This is an update to Working with Glycerin and Allergies. After doing more research, I’ve learned a few things:
- Absent special equipment, making glycerin that is dissolved in a salt solution is easier than making pure glycerin.
- No matter what it is derived from, glycerin is always C3H8O3. This means that soy glycerin, coconut glycerin, palm glycerin, and any other kind of glycerin will be chemically identical, so there is no reason to make my own as long as the purity is chemically guaranteed.
- Unless I want to greatly increase the cost of my products, I should leave well enough alone.
What this means is that I will not be setting up a glycerin manufacturing line any time soon! However, I promise that my glycerin will always be kosher glycerin derived from soy, and my purchased glycerin should be composed of only glycerin (C3H8O3) and water (H2O).
Soap naturally contains glycerin, so most of my handmade soap will not work for someone who is allergic to glycerin. That being said, I am working on a glycerin-free soap, and hopefully a laundry soap as well. Stay tuned, I hope to have good news for you in the future!
[Disclaimer: I have no affiliation to any of these sellers or products, and receive no commission from any sales of them. These are links and images I found on the Internet, and I have no connection to the shops or sites selling them.]
The other day, one of my customers asked, “Will you be selling soap dishes? I need some for this handmade soap, to take care of it.”
I hadn’t planned on selling soap dishes, because everyone has such divergent tastes in decor! However, I understood that what she really wanted was recommendations on which soap dishes would be best for her uses. I can definitely recommend my favorite soap dishes!
[Image courtesy of miheco @ Flickr.]
Let’s say you have a coconut allergy. If you are searching the Internet for something that you could use, would you type “hypoallergenic soap” or “coconut-free soap” into the search box? Which one would give you better results tailored to your specific concerns?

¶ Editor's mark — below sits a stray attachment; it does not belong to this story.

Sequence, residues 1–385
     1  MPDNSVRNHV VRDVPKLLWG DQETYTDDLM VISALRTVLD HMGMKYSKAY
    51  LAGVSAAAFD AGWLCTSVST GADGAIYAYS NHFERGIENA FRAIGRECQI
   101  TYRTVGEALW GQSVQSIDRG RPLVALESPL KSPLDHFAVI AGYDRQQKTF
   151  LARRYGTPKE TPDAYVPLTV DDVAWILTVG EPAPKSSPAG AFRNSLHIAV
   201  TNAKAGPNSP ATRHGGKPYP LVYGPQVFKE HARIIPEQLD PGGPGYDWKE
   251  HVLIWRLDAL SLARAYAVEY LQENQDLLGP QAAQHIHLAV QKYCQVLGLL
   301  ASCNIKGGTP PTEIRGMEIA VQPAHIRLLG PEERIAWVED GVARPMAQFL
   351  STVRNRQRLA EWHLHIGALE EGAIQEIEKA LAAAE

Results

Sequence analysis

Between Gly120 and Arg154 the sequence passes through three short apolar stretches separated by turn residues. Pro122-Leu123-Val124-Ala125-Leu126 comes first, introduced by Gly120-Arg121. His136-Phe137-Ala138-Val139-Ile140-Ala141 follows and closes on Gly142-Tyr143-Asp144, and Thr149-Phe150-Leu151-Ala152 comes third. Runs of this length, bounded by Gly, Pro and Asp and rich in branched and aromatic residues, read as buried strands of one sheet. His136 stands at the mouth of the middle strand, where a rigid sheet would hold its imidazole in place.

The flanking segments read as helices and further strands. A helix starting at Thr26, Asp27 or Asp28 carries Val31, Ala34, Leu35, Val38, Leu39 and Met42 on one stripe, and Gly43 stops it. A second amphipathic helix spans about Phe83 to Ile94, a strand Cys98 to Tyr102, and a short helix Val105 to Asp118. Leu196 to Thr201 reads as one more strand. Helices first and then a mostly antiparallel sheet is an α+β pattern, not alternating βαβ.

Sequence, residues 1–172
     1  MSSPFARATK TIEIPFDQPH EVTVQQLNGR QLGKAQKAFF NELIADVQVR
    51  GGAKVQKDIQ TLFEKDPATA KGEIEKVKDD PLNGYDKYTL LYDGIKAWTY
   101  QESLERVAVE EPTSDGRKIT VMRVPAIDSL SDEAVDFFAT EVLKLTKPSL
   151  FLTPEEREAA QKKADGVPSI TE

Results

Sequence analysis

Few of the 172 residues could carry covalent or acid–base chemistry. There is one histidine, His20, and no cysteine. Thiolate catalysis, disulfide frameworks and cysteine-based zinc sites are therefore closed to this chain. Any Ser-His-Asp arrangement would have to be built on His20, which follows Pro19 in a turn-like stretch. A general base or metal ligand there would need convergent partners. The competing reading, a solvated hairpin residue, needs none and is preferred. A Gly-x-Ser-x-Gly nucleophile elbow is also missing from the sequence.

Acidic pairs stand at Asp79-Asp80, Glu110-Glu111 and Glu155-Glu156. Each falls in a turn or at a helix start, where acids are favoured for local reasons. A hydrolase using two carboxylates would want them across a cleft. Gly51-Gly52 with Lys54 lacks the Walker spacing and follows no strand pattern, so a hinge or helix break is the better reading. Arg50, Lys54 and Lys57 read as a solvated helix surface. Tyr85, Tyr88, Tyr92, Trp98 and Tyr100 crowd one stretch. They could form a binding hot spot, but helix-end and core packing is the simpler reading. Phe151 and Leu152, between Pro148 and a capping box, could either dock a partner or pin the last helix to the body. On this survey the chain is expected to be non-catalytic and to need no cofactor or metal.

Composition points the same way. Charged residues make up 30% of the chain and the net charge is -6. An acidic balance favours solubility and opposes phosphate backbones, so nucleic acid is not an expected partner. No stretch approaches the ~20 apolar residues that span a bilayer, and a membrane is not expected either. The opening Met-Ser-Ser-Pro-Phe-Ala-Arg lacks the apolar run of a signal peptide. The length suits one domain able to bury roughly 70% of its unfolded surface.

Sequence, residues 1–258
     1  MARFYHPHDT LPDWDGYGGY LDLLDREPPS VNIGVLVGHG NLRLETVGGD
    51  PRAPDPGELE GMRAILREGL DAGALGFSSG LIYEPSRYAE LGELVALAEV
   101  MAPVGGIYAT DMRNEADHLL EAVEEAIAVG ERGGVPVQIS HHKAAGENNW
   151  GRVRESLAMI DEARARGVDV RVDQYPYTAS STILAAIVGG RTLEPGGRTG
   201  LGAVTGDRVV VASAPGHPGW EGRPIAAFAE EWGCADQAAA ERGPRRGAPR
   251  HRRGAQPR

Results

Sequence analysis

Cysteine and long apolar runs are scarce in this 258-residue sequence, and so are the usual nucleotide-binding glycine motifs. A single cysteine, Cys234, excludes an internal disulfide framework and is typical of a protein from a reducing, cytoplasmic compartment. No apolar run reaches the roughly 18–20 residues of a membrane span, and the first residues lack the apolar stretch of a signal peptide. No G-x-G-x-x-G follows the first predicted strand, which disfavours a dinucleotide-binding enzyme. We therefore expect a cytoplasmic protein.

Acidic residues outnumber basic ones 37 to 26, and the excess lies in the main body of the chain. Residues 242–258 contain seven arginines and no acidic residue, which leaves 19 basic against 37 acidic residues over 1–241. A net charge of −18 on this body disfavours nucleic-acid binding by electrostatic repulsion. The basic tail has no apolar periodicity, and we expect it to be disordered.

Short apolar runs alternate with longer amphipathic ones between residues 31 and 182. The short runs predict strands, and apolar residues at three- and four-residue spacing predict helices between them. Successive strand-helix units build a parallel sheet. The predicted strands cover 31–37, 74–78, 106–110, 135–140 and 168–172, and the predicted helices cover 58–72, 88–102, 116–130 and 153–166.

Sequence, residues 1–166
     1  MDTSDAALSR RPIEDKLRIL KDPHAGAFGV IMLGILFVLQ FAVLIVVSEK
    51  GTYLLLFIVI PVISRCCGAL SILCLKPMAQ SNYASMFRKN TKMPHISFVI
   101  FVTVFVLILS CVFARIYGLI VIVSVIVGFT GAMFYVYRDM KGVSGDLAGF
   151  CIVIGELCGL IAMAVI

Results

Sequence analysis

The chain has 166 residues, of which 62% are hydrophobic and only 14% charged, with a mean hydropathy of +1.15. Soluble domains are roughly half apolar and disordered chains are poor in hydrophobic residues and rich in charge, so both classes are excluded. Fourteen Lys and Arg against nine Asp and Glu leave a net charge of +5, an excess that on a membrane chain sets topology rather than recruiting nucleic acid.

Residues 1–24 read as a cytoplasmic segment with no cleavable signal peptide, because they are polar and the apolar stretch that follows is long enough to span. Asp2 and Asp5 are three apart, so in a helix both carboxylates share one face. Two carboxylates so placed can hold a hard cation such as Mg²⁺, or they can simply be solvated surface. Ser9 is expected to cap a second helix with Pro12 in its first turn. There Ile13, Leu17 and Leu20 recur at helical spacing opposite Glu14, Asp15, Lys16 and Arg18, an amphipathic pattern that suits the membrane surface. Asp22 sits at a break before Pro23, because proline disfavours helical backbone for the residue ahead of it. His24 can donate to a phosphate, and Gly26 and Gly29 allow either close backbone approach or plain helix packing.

When I first set up the tagging system on this site, I tagged things with an eye to noting which products contained what allergens. However, this isn’t how people search for hypoallergenic products, and when I thought about this system a little more, I had to admit that my system was greatly flawed. Instead of tagging my products with “allergy: nut”, I will be re-doing the tagging system and using “nut-free” instead.
[Image courtesy of TJ Cosgrove @ Flickr.]
Glycerin is one of the ingredients I use when making bubble bath. Being an allergy-conscious maker of bath products, I know that glycerin can come from both animal and vegetable sources. Even when it is “vegetable glycerin”, it can be made from coconut, palm, soy, or any number of vegetable oils. I won’t use palm-derived or coconut-derived glycerin; if you are allergic to coconut or palm, products derived from them can also cause an allergic reaction. All the kosher glycerin I can find on the Internet is soy-derived.
I have made more batches of Madelyn’s Rose, they are now back in stock. I’ve also uploaded what remains of my inventory of bubble bath and bath bombs. If you like bubble baths or bath bombs, be sure to check them out!
Okay, wow. I knew Madelyn’s Rose was my favorite of all the bath bombs I’ve made so far, but you guys sold me out of everything I had in ONE. DAY. <3 I’m going to make some more ASAP. This will be back in stock soon. Until then, I’ve added the rest of my bath bomb and bubble bath stock. Now, to make more! Expect these back in stock by this weekend.
Phew. This has been a week of e-commerce learning. In one week I went through Zen Cart, OpenCart, and multiple installations of WordPress & WooCommerce, trying to make this work. With the help of the good support folks at WooCommerce and Automattic, this has finally worked the way it should, phew!
Long story short: this site works now, so I’ve closed my Square storefront. Square is a great payment system, but not that great an e-commerce solution. I had zero control over marketing, shipping options, etc. What’s worse, I had an order get deleted on me in the Square storefront because I forgot to click “fulfilled”, oops. ^_^; Thankfully my customer was understanding and paid me again!
Please kick the tires and try it out. If something’s broken, let me know and I will fix it right away. Thanks again for sticking with me and coming back!